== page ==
The Chinese Repository/Volume 1/Number 6/Journal of Occurrences

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The Chinese Repository, Volume 1, Number 6 (1832)
Journal of Occurrences

October 1832

2448640The Chinese Repository, Volume 1, Number 6 — Journal of Occurrences1832


The Rebellion of the Yaou-jin and their Chinese associates is at an end. Two or three hundred boats, it is said, have gone to Leenchow to bring back the troops; and the Imperial commissioners, He-ngan and Hoo-sung-ih, have returned to Peking, with additional honors.

He-ngan, who is said to have more influence with "the one man who rules the world," than any other courtier, has reported to his majesty a long series of victories, in daily skirmishes with the rebels; stating, also, that more than one half of the mountain tribes have begged to be allowed to surrender, and to give up their leaders and their arms.

It is stated that He-ngan and his colleague ordered the judge Yangchinlin, to send forth among the mountaineers, a proclamation, that imperial legates had arrived; that troops were gathering like stormy clouds; and that, from all the provinces, large levies of veteran troops were pouring in, and would certainly, in the event of further resistance, wash like a deluge the whole population from the face of the earth;—or, to change the figure, would burn them up, indiscriminately—good and bad—whether precious gems or common stones, &c. &c.

The judge addressed the people like a friend, calling upon them to save themselves. The commissioners feigned perfect ignorance of the whole; and while the highlanders were treating, the imperialists were plotting and straining every nerve to effect their destruction.

The commissioners state, that their endeavour had been, in obedience to an imperial order, to scatter auxiliaries, and soothe principals,—to divide and conquer. The immense army of the manifesto, gathering like clouds from all the provinces, and covering the heavens with darkness, consisted of 3000 men ordered from Hookwang!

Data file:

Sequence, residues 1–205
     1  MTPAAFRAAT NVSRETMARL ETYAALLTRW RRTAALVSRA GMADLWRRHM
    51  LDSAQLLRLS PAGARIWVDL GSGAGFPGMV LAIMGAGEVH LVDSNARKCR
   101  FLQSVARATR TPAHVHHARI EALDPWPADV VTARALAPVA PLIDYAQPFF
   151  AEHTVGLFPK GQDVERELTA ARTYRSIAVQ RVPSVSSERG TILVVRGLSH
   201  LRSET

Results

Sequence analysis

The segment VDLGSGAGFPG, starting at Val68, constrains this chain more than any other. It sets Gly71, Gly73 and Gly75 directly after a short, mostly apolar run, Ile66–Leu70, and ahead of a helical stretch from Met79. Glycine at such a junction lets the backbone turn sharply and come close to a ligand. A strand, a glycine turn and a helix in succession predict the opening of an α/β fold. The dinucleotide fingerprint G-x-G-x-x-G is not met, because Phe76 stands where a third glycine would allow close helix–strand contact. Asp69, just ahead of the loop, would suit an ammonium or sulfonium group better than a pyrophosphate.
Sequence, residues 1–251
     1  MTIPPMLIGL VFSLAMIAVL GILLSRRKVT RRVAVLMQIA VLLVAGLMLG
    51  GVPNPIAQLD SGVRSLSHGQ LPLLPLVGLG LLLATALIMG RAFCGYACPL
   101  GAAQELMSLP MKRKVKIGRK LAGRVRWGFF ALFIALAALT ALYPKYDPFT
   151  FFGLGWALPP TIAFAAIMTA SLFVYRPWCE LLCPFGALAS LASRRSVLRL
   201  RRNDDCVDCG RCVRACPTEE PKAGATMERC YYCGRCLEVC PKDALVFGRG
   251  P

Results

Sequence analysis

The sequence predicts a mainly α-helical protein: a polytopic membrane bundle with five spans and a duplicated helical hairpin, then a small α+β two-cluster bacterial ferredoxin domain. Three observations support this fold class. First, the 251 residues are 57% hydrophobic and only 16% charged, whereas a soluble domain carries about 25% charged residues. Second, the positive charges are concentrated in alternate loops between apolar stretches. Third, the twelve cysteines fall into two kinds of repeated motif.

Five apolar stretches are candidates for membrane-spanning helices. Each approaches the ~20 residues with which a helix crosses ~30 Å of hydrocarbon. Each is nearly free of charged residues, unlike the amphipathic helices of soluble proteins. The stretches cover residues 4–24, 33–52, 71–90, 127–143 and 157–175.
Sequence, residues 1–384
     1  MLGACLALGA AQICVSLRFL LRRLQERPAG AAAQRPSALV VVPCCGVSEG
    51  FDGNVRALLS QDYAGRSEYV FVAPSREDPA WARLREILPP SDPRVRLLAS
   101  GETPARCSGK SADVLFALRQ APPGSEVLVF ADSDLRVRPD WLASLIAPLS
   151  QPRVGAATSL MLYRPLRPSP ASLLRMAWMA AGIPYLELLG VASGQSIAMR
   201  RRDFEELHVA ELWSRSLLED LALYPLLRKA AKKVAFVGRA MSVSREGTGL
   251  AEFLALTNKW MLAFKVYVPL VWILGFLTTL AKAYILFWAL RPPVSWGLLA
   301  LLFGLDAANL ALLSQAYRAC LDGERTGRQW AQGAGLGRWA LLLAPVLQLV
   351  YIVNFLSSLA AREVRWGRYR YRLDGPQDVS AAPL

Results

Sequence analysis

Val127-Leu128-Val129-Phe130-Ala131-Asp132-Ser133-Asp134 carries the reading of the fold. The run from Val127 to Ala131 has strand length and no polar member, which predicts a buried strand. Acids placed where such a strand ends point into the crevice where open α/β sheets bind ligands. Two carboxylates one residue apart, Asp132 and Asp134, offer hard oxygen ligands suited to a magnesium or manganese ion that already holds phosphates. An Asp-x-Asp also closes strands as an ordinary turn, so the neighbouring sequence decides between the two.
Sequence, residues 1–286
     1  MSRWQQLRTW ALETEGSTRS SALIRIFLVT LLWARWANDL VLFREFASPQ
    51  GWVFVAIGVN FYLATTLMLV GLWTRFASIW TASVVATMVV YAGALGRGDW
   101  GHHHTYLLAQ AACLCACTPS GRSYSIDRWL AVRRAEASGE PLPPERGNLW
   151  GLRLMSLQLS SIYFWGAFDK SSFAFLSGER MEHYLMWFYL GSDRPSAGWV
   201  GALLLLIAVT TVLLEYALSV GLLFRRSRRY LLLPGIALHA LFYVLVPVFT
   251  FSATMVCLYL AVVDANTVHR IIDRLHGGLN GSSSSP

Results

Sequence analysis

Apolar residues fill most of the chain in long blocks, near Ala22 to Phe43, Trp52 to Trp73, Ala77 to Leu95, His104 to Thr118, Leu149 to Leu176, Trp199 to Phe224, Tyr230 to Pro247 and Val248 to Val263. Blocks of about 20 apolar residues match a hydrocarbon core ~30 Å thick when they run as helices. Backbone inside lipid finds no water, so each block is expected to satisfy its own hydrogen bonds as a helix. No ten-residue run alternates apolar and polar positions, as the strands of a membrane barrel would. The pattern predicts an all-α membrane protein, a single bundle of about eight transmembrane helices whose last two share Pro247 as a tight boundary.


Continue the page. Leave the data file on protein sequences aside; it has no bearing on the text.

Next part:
He-ngan says, many of the tribes submitted even on the terms he proposed, viz. the Mantchou tonsure, together with depriving the ears of the rings commonly worn by the mountaineers. At the date of the memorial, from which we have collected these statements, He-ngan supposed "ten days would be sufficient to shut up the affair, and close further proceedings." So it has proved.

On the 15th instant, the Imperial commissioners received a despatch from the Emperor, approving of their proceedings, but degrading Governor Le. Peacock's feathers, rings, &c., in profusion, have been sent down for the meritorious; among whom we observe the name of Ko-tse-tsin, who was lately at Macao, as the "Casa branca Mandarine,"—the Hae-fang Tung-che, or guardian of the coast. This little man, is by descent, one of the Yaou-jin, lately in rebellion; and Governor Le sent him up, expressly to do the needful. His death has been reported, but the report now appears to have been untrue.

Two legal judges, Yang and King, sent up to the highlands, have so acted that their merits and demerits balanced each other; therefore the commissioners requested that they might be passed over.

Thus the war has ended, as almost all wars do—in Europe, all parties (excepting a few slain, degraded, &c.,) returning to the state they were in before the war. The mountaineers have agreed to stay at home, and the imperialists have agreed not to go among the hills to extirpate them.

Governor Le, immediately after his disgrace, having delivered up to He-ngan the seals of office, set out on his journey to Peking; where, on his arrival, he is to be put on trial before the Hing-poo, or tribunal of punishments. His family left Canton for their home in Keang-se, on the 15th instant.

The Village Tyrant.—A case which has lately excited considerable attention, and been matter of much talk in Canton, is that of Ye-mung-che, a Peking officer; who, by his pride and profligacy, has brought himself to an untimely end. On the 27th of the 4th moon, the Fooyuen Choo sat in person on his trial, and sentence of death has been passed on him, but has not yet received the Imperial sanction.

Ye-mung-che (or, as the first syllable of his name signifies, Leaf,) is now in 44th year of his age. In his youth he was a good scholar, and rapidly rose to the highest degree of literary rank. The first and most honorable scene of literary combat, in China, takes place at Peking, in the presence of the Emperor, There Leaf succeeded, and was forthwith appointed to a respectable place in the Board of Revenue; in which situation he remained some years at the capital. Two or three years ago, his mother died; and he, being thereby incapacitated, by law, from holding office, for three years, returned to his native village in Tung-kwan district, accompanied by a Peking servant, whom he brought with him.